Charles Grell, who achieved an international reputation as a chef, has long been identified with the hotel business, and Everson numbers him among its most influential citizens. A son of Philip and Emily (Klause) Grell, he was born in 1869 at Strassburg, which was then located in French territory. He had the benefit of a high school education, and in Paris, France, he mastered the details of pastry cooking, later being employed in the Continental Hotel of that city. While in the service of one of the grand dukes of Russia he traveled throughout Europe and aided in making the arrangements for many notable entertainments. Mr. Grell was widely recognized as an artist in his line of work, and in 1890 he went to San Francisco, California, as chef for Delmonico, afterward serving the Poodle Dog, the Granada Hotel and others of note in the same capacity. In 1900 he opened the Granville Hotel in Everson, Washington. It contains twenty-two rooms and is one of the most popular hostelries in northwestern Washington. The hotel is famed throughout the county for the excellence of its cuisine and nothing has been overlooked that would add to the comfort and well being of its patrons. With a capacity for detail Mr. Grell combines an economic knowledge of modern food values and a specialized grasp of the art of inn keeping which amounts almost to an inborn talent, and he has clearly demonstrated his faith in Everson's future by extensive investments in real estate.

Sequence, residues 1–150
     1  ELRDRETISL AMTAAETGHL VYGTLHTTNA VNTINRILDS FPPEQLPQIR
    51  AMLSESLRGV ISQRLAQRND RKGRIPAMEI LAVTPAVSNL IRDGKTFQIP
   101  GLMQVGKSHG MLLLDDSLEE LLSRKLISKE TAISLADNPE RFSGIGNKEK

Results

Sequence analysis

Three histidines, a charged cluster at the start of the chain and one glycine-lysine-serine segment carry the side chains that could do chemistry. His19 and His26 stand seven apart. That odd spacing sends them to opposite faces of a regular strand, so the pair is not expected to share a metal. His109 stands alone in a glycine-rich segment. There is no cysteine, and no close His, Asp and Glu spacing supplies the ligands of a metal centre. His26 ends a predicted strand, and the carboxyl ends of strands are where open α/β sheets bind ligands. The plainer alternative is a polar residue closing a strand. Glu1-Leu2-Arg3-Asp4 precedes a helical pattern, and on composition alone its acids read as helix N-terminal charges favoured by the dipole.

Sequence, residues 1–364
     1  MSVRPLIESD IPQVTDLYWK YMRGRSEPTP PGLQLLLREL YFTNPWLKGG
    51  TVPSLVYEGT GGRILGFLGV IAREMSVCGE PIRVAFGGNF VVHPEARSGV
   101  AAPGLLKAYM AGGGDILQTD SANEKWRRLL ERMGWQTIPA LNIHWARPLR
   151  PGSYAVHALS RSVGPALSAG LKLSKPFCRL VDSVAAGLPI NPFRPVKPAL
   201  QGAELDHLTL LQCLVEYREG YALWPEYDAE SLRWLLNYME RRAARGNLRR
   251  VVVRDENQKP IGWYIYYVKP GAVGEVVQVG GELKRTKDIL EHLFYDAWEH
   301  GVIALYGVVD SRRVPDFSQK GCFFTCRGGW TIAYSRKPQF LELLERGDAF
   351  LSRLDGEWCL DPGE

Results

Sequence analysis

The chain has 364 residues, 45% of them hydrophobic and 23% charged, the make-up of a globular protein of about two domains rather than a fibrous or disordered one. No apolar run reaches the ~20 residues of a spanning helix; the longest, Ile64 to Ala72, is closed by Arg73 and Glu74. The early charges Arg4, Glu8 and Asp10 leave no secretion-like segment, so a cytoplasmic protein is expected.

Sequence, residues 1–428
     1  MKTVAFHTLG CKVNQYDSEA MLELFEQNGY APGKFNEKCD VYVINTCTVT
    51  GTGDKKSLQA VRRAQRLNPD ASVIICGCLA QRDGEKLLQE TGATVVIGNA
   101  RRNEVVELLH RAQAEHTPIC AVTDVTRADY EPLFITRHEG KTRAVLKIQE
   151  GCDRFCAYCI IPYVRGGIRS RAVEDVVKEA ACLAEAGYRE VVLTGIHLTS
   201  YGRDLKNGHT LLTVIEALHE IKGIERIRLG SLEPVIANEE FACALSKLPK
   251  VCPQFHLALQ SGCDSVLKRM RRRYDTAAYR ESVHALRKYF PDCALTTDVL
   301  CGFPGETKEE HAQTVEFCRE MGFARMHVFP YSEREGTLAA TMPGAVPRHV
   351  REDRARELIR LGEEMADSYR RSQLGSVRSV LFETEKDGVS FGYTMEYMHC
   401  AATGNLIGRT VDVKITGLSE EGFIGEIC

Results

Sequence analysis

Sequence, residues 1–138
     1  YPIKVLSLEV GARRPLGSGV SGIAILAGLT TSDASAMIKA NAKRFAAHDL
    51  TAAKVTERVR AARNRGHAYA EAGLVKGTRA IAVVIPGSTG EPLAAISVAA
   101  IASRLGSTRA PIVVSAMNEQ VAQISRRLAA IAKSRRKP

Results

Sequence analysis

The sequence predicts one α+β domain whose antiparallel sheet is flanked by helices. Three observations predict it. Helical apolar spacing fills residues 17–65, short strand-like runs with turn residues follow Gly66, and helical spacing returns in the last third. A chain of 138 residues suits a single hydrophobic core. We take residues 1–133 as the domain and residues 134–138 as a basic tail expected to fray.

In 1893 Mr. Grell was united in marriage to Miss Emily Bushby, a native of England, and two children were born to them. The daughter, Alma, is a graduate of the Granville Finishing school and the wife of H. T. Campbell, who is connected with the Seattle music house of Bush & Lane. They have become the parents of two children, Emily Louise and Ronald Richard. The son, Milton Philip Grell, is in the employ of the Carnation Milk Products Company, and he also enjoys an enviable reputation as a violinist.

    Along fraternal lines Mr. Grell is connected with the Modern Woodmen of America and the Benevolent Protective Order of Elks. He is an adherent of the republican party and his public service covers five years of work as school director. Genial, warm-hearted and sincere, he has a host of friends in the west, and in winning success he has at the same time contributed toward Everson's prestige and progress.

History of Whatcom County Volume 2, Lottie Roeder Roth, pub. 1926, pgs. 95-96

Griffen, Daniel A.